May Flowers

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Written by: 
Published:
May 17, 2019

The old saying “April showers bring May flowers” can be traced back to 1387. Geoffrey Chaucer wrote the following in his Canterbury Tales:

Whan that Aprill, with his shoures soote

The droghte of March hath perced to the roote

And bathed every veyne in swich licour,

Of which vertu engendred is the flour.

This Middle English verse has been adapted to the current saying by various individuals over the centuries. In many ways, April showers and May flowers are metaphors for our mortal journey on the road of life.

The late metaphysical poet and painter William Blake wrote:

To see a World in a Grain of Sand

And a Heaven in a Wild Flower,

Hold Infinity in the palm of your hand

And Eternity in an hour.

In examining some old college journals, I discovered the following poem I wrote in the 1970s. It attempts to capture the essence of our mortal lives and the promise of a new creation by our Creator:

Flowers —

Delicate,

Soft,

Sweet,

Lovely...

They are the symbols of Eden,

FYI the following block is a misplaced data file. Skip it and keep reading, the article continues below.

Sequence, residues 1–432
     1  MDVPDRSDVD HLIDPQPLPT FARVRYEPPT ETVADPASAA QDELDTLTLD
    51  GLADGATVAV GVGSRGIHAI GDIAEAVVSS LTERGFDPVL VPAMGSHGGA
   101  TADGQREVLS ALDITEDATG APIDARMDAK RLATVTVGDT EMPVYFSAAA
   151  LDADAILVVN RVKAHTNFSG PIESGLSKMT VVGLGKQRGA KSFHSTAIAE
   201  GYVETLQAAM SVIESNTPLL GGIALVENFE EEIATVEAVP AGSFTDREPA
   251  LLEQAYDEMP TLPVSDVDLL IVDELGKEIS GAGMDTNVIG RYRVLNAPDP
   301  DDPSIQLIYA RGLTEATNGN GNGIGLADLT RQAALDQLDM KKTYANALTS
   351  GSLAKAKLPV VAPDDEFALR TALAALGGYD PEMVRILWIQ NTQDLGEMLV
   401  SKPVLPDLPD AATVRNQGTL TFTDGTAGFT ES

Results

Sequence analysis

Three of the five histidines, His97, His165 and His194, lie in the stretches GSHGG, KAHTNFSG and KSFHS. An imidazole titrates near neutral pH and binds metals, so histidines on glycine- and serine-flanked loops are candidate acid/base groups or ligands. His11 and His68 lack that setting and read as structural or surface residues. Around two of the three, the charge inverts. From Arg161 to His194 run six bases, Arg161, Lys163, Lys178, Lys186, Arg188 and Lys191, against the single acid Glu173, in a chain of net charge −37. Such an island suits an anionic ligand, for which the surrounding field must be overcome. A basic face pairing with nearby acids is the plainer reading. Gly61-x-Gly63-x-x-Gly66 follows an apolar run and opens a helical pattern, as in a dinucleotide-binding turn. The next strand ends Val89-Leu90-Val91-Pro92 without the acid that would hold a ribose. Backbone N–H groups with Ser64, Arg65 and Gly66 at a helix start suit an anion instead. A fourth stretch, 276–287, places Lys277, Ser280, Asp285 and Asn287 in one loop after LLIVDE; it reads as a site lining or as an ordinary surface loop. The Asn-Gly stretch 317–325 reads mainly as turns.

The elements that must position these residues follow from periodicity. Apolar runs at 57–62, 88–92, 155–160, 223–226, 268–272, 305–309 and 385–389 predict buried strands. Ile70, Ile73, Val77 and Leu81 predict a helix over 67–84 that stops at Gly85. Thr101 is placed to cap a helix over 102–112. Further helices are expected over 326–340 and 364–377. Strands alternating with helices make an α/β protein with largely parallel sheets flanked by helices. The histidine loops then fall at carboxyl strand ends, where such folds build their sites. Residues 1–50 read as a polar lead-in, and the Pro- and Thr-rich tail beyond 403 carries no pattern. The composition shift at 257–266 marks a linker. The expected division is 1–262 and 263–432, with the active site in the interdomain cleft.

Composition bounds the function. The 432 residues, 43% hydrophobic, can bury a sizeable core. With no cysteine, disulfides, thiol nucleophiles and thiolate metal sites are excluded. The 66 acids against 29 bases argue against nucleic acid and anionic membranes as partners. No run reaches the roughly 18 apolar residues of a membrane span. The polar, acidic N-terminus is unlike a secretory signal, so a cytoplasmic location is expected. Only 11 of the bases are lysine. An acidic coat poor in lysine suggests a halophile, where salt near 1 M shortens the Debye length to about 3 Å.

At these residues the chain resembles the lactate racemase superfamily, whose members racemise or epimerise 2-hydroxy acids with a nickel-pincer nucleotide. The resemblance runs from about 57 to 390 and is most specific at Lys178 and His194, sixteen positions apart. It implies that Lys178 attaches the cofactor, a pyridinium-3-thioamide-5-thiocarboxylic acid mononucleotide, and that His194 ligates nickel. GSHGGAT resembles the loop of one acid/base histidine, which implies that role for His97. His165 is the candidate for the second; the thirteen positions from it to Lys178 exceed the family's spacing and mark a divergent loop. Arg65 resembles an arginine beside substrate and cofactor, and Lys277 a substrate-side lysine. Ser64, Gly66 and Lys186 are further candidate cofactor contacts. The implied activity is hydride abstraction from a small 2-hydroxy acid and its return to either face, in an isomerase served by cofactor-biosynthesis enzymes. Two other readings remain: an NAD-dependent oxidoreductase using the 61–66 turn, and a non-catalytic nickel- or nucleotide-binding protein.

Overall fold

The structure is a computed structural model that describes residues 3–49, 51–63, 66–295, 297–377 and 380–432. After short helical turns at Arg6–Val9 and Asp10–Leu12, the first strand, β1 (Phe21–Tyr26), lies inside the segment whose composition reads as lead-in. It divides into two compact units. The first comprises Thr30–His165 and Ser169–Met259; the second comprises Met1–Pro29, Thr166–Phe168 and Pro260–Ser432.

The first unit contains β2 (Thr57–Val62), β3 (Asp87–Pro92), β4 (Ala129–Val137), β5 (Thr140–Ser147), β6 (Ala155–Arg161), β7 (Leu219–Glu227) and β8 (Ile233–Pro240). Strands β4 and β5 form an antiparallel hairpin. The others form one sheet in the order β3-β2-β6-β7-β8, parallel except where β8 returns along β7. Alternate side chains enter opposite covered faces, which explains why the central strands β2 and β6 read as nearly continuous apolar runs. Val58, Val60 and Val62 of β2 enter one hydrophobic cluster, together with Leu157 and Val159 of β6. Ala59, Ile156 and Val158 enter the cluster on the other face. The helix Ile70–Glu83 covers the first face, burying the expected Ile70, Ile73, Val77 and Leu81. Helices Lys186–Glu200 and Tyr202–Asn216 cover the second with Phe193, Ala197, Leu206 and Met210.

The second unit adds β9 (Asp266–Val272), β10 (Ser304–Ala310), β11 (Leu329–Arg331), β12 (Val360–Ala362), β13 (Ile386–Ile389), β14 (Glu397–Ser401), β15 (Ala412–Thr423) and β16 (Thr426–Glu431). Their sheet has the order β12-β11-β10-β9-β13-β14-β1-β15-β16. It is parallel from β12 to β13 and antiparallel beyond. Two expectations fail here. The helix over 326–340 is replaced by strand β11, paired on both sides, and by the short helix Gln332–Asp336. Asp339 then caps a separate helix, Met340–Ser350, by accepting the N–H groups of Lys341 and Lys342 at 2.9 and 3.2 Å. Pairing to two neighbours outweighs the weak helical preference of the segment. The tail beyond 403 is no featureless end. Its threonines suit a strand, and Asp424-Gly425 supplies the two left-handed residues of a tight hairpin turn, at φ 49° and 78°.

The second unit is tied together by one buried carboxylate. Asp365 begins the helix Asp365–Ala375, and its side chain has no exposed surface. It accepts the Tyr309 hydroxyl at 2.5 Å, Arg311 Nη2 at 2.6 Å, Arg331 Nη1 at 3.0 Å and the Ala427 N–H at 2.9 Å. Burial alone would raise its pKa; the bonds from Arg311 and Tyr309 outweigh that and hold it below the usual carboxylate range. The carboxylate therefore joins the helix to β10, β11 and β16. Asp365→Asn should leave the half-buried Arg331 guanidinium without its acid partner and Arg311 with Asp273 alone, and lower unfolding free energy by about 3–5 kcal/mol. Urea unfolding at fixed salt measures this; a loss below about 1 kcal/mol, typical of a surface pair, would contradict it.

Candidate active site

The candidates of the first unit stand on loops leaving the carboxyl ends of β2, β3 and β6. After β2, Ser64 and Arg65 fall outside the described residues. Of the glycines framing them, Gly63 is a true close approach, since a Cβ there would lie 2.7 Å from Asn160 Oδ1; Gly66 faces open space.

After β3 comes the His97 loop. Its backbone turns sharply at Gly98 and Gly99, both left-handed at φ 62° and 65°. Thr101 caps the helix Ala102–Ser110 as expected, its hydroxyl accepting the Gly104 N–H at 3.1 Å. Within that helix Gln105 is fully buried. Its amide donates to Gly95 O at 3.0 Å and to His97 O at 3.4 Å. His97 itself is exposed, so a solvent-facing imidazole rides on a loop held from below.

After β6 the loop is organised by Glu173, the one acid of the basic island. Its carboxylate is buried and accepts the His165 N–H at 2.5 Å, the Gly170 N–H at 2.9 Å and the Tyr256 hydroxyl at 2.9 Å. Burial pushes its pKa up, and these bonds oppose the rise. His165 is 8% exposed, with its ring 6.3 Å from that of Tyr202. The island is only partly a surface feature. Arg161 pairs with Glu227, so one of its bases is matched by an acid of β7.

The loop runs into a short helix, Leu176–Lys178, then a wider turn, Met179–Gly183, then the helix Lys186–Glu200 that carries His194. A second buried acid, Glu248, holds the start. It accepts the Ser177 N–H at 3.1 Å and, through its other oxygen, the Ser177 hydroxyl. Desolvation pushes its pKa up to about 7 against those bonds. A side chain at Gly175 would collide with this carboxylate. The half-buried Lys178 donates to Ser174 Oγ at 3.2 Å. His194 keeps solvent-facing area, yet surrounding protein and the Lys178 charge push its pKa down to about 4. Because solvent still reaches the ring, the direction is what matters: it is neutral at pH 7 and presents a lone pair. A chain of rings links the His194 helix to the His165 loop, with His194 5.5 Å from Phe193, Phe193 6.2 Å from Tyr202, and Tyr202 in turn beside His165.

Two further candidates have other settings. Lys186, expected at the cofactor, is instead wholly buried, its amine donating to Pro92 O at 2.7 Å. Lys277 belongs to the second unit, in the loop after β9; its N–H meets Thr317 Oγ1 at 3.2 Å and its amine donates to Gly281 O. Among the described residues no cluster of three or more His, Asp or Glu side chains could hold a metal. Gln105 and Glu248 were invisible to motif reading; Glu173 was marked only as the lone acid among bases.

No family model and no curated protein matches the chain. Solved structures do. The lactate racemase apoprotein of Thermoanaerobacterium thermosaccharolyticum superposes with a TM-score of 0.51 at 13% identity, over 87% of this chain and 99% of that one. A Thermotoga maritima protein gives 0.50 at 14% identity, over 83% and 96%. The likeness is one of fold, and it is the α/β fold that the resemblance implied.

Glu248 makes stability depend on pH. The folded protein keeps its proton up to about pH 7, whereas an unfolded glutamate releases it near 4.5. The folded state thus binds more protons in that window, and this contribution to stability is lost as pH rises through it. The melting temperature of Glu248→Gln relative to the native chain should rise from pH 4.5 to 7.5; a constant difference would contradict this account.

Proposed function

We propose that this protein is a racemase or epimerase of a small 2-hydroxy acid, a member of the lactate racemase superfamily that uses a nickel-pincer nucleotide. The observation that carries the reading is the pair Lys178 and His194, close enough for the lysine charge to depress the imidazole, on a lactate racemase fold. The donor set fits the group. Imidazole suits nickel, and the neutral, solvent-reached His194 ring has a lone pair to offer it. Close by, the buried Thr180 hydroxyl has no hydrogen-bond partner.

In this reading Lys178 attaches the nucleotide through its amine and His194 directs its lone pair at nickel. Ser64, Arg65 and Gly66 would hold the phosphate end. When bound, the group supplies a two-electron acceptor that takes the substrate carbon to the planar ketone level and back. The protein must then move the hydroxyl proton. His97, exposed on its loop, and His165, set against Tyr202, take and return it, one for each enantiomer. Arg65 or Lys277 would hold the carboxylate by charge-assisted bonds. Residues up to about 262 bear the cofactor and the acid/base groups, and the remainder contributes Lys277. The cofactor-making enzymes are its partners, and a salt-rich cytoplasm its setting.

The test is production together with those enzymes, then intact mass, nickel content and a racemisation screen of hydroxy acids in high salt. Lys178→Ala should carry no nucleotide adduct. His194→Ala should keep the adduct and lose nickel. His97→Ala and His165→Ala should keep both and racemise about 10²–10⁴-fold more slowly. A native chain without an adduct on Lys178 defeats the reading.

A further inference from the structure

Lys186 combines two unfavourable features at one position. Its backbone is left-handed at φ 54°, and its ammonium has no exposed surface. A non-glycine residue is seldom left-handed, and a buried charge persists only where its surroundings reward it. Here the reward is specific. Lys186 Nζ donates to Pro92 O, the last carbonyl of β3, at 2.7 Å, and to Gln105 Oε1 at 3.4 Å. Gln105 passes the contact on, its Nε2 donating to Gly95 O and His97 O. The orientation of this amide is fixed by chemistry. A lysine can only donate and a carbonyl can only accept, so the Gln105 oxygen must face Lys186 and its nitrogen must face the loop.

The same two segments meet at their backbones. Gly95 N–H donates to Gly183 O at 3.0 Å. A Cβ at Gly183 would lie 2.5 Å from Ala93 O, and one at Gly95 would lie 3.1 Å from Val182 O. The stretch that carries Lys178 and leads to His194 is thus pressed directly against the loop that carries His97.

the reminders of the lost paradise.

They grace us with their perfume and beauty.

They teach us lessons of life:

to be pure, free, happy.

They impart what they receive.

They grow in order to bless.

Flowers,

what would we do without them?

Life would be a sad state

if it was barren and waste,

but flowers make that impossible...

So let us be the children of the Creator,

who dance with the wind

who bathe in the sun

who wash in the rain

who bow with the dew,

Who turn toward the light in order

to live

to grow

to die

but death is not an ending, but a beginning...

Memories of images, scents, touches remain,

but the flower drops its droplet.

From that seed sprouts a new creation just as lovely.

So let us profit from the flowers of earth,

as they teach us, 

the children of earth, about the realities of heaven.

As we survey the natural beauty of this planet in our mirror darkly, we see reminders of the Eden lost. The promise of Eden restored on this earth will surely come to pass.

 

G.D. Williams is recently retired after working in Adventist higher education for 30+ years. His pursuits include photography, genealogy, collecting antique books, and working on his old farmhouse.

Photos by the author.

 

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